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By the BusinessLink team

The Zimbabwe Revenue Authority upgraded its SAP IT system at the beginning of the year. As a result they require every taxpayer to complete the Rev1 form again so their up to date information can be recorded in the new system.

The REV1 form now requires much more information than the previous one. One curious addition is the requirement for your tax consultant to be a registered tax payer, either as an individual or as a corporate body.

The notice for re-registration was emailed at the beginning of the year, with a 31 January deadline for submission. However not everyone saw it because many taxpayers are not on the Zimra mailing list.

In order avoid delays in getting your tax refunds and also the next tax clearance in June, we advise you to complete and submit the new REV1 as soon a possible. You can download the form from the Zimra website www.zimra.co.zw, as there are no printed forms at their offices. (Cost-cutting, maybe?)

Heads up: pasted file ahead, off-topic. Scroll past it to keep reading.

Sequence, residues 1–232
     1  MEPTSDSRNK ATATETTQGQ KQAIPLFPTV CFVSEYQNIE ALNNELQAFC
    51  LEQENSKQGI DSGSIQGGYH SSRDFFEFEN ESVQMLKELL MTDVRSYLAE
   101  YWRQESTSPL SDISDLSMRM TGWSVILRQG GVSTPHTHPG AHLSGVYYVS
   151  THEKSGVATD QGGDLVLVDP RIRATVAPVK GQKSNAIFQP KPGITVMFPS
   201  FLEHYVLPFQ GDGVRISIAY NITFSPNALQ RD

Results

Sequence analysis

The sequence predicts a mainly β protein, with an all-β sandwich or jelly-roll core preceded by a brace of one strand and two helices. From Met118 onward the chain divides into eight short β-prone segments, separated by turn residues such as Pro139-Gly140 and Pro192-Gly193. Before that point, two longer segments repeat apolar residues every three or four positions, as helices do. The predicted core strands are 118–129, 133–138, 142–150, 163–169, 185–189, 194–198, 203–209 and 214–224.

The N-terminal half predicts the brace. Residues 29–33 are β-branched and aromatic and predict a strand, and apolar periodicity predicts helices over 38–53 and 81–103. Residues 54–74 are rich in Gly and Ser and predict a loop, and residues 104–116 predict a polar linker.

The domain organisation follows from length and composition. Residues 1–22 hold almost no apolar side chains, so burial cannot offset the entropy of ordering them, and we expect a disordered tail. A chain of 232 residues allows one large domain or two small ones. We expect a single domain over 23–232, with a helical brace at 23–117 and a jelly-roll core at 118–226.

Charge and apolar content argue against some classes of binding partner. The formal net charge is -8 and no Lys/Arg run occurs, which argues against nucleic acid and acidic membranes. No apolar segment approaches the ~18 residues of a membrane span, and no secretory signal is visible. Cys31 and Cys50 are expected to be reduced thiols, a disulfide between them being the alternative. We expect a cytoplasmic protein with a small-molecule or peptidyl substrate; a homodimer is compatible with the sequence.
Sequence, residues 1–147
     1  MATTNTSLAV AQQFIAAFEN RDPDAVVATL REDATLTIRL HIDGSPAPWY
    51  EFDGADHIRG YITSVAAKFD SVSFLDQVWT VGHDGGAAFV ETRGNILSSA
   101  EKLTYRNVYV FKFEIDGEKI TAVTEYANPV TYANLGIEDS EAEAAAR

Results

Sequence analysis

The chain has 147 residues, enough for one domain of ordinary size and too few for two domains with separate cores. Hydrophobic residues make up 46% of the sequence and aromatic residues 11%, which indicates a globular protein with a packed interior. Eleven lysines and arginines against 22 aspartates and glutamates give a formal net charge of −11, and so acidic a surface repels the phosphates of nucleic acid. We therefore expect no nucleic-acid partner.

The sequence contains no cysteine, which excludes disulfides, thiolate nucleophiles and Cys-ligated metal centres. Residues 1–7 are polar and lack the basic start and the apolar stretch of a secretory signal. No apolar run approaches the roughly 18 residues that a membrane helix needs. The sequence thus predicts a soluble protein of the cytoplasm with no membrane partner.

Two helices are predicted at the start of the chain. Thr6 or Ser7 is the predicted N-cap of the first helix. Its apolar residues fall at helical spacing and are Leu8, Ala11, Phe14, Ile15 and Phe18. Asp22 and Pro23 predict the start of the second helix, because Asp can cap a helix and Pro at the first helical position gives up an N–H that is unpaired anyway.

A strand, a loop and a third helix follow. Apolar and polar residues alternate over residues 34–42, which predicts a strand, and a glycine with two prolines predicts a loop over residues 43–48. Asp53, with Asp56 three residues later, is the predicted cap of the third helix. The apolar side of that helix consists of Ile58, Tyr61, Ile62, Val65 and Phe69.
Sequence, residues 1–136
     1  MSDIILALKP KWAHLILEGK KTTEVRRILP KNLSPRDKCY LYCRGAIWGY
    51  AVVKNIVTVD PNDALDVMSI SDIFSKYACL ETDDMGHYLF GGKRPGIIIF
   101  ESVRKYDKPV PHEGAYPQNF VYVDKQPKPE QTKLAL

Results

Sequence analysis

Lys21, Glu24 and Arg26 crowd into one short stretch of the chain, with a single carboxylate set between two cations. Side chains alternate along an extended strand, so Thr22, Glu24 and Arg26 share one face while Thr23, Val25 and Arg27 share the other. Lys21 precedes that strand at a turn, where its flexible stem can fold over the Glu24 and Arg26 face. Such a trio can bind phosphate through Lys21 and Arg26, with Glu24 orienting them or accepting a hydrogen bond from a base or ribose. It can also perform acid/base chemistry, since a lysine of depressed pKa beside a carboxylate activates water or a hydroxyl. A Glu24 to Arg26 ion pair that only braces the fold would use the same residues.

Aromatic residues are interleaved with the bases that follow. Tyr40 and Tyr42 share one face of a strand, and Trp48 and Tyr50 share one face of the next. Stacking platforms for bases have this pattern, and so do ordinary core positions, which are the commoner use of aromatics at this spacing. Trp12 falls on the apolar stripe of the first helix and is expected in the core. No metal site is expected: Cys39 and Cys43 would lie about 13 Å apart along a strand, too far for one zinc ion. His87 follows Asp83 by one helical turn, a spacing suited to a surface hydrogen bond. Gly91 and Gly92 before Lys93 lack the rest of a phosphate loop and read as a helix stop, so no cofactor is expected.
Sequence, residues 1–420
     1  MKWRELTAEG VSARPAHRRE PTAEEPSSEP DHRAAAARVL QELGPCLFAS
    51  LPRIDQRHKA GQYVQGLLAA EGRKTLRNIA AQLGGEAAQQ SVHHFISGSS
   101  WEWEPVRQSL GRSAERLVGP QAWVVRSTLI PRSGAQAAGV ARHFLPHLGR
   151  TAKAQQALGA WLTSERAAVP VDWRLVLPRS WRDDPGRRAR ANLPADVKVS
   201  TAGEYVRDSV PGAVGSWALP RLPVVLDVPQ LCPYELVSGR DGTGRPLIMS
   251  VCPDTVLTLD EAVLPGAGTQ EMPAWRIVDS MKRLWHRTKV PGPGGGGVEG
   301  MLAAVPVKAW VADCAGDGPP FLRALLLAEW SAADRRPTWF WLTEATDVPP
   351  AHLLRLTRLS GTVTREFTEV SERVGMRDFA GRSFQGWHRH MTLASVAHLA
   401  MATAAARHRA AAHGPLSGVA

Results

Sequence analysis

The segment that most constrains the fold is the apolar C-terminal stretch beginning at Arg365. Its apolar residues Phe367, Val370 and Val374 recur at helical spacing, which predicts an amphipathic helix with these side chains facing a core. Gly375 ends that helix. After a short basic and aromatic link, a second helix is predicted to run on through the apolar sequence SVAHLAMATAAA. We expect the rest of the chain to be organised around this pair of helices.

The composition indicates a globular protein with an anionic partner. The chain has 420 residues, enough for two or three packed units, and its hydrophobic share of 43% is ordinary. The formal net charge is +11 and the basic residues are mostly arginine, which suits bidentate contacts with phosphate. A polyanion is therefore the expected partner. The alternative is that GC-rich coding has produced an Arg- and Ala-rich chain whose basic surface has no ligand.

If you need any assistance with this issue, or have a question an any tax matter, the BusinessLink team we will gladly assist.

Tax deadlines to remember

It is tax season once again. The deadline for submission of income tax returns for companies, other organisations and individuals in business is Tuesday 30 April, 2013.

Since your QPDs were based on estimated income, the actual income should now be declared and any adjustments needed made for 2012.

ITF12 is the form completed by taxpayers other than those specified by the Commissioner as being on self-assessment, according to Act 23:06. Usually these are companies and individuals who are not VAT registered. A full set of financial accounts should accompany the ITF12 form.

ITF12C is for those on self- assessment, usually identified by being VAT registered. The financial accounts do not need to be submitted if you are on self-assessment, unless specifically requested to do so.

Remember, giving false information can lead to prosecution and serious penalties.

Don’t invite a tax audit!

Zimra officers have the right to investigate any suspicious tax payers. Believe me when they visit they nearly always unearth unpleasant things that will see you being fined and penalized.

The following things usually arouse their suspicion:

  • Unusually large entertainment expenses
  • Unusually low or high salaries
  • Large capital purchases with no clear explanations in the accounts notes
  •  Anything that looks abnormal.

Feedback or questions to chichonip@smebusinesslink.com


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